"LYNCHINGS, MOB VIOLENCE AND THE WORKINGS OF THE SOUTHERN LEGAL SYSTEM"
SINCLAIR, William A., A.M., M.D. The Aftermath of Slavery. A Study of the Condition and Environment of the American Negro. Boston: Small, Maynard, 1905. Octavo, original gilt-stamped navy cloth, top edge gilt, uncut and largely unopened. $500.
Second edition, issued only three months after the first edition of Dr. Sinclair's powerful 1905 indictment of America's history of slavery, the failures and hypocrisy of Reconstruction, the war on black suffrage, and the terror of ongoing public lynchings and burnings, asking "How long—are these things to go on?" A handsome copy in original cloth.
Born enslaved in 1858, Dr. Sinclair graduated from Howard University and earned his medical degree from Meharry Medical College before becoming a practicing physician. Serving as "the financial secretary of Howard University from 1888 to 1903, he participated in Du Bois' Niagara Movement, helped to launch the NAACP in 1909, and became a leading anti-Bookerite. Sinclair's Aftermath of Slavery broke with standard white interpretations, as he condemned slavery and the hypocrisy of Reconstruction and strongly denounced Negro disfranchisement" (Gavins, Perils and Prospects, 12-13).
In Aftermath Sinclair outlines an ongoing "reign of terror and blood" in the South where whites cling "to the traditions of the slave system." He refutes "the notion that slavery had been 'a paternalistic relationship' between master and slave" and argues "that the rapport between black and white Americans in the Reconstruction era was the product of 'the essential barbarism' of the slave system" (Journal of Southern History V.79, 1030). Following his well-documented histories of the slave trade, the economics of slavery, and its abolition under Lincoln, Sinclair reports on the persistent "war on negro suffrage" and the relentless passage of Jim Crow laws. He concludes Aftermath with extensive chapters on the achievements of African Americans determined to survive and overcome, and writes of his hope for the future: "Public opinion is omnipotent… Its commanding voice will be heard, respected and obeyed."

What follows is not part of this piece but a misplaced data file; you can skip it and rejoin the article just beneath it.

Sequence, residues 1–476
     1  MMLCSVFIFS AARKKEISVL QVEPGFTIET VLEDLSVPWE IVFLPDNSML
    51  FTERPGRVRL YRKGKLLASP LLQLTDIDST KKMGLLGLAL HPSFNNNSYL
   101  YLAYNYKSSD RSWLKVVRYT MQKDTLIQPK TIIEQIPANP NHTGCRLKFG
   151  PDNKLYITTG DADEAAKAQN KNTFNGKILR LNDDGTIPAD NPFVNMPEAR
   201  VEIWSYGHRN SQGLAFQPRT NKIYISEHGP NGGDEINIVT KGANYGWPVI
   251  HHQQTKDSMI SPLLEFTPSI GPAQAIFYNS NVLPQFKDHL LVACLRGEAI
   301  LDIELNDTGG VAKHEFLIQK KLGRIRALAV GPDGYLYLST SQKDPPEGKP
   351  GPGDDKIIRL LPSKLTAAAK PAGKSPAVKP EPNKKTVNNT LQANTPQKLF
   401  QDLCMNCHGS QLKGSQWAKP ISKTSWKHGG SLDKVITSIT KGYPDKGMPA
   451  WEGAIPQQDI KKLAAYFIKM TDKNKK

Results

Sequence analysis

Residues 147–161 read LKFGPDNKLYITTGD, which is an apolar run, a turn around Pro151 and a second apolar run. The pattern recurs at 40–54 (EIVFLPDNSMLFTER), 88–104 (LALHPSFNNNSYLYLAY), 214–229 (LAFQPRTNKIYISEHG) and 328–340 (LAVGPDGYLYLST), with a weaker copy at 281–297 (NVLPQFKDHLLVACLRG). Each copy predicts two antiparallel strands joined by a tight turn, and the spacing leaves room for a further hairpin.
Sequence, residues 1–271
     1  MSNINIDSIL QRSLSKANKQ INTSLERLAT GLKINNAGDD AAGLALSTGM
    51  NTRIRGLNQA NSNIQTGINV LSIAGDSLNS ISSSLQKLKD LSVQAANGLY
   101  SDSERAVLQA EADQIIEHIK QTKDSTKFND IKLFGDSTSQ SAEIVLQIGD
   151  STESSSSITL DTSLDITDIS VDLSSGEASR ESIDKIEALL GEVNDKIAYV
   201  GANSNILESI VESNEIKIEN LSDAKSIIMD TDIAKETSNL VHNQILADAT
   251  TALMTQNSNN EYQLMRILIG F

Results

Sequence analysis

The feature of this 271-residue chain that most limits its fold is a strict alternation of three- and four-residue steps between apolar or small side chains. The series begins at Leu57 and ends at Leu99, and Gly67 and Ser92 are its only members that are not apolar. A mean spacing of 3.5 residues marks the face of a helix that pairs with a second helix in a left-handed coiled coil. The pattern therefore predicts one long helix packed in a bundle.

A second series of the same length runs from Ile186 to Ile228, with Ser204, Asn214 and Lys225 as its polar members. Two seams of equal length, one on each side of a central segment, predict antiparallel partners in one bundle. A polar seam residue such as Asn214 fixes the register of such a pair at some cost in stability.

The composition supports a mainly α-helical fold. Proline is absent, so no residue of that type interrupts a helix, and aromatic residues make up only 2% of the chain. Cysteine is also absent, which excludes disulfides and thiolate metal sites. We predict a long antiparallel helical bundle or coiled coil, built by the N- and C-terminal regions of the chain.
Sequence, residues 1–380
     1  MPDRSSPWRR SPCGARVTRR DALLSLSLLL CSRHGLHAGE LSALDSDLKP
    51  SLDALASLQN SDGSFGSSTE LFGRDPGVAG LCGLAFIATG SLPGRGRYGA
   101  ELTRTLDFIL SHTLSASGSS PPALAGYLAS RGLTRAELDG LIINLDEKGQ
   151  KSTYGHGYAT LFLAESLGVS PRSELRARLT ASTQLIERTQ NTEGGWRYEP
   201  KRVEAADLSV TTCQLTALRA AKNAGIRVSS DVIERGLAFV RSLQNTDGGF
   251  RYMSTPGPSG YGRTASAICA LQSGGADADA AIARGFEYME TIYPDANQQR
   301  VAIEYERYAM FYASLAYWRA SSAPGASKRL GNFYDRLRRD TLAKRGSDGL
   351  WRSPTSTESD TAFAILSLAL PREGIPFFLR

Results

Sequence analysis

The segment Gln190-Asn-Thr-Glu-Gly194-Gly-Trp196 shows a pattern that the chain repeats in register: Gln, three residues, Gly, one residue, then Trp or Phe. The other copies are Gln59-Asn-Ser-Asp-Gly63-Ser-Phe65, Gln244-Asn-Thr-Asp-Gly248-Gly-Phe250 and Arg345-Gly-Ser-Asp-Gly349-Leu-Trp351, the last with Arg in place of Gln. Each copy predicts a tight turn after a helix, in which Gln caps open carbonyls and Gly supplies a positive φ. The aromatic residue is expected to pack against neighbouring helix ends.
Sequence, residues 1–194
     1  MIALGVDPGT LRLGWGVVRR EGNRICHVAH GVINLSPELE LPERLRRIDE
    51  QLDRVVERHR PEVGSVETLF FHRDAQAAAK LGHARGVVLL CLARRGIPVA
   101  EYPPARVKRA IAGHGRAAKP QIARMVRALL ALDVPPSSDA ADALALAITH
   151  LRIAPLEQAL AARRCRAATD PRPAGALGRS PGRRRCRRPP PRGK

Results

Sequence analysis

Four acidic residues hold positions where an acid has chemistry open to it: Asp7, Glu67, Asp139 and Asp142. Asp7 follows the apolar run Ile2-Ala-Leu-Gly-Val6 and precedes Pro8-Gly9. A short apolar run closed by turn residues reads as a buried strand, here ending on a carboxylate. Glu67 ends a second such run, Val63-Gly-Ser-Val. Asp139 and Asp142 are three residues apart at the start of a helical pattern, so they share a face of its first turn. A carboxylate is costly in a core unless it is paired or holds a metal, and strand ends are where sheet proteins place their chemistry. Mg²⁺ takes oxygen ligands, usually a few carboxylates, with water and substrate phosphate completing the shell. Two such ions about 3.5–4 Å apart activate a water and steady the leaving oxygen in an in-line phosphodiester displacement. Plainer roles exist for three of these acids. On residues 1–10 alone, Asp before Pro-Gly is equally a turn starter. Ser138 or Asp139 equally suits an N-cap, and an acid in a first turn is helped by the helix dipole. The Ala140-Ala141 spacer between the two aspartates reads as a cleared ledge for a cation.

The year after publication of Aftermath, its chapter titled "The Negro and the Law" was printed by the Council and Constitution League as a pamphlet and sent to Republican members of Congress. In that chapter, Sinclair documents "the brutal acts that occurred under the nose of the legal system—lynchings, mob violence, and the workings of the southern legal system" (Alexander, Army of Lions, 268). As he cites reports of lynchings and burnings "done in the broad open daylight," Sinclair asks: "How long—are these things to go on?" In 1911 the NAACP sent Sinclair, a member of its board of directors, to Coatesville, Pennsylvania, where a white mob had kidnapped Zachariah Walker "from a hospital and then repeatedly thrust his living body into a roaring bonfire." Sinclair reported on the trials of the 15 men indicted for their part in Walker's death; all 15 were acquitted (Encyclopedia of African American History, 223). A year later Sinclair died while on his way to a NAACP meeting. Copyright page with "Second edition, July 1905": three months after the stated first edition. With Introduction by Thomas Wentworth Higginson. Six leaves of publisher's advertisements at rear; without rarely found glassine. See Blockson 9129. Trace of small label removal.
Interior very fresh and crisp, faint toning to spine, tiny abrasion to rear panel of bright gilt cloth. A handsome about-fine copy.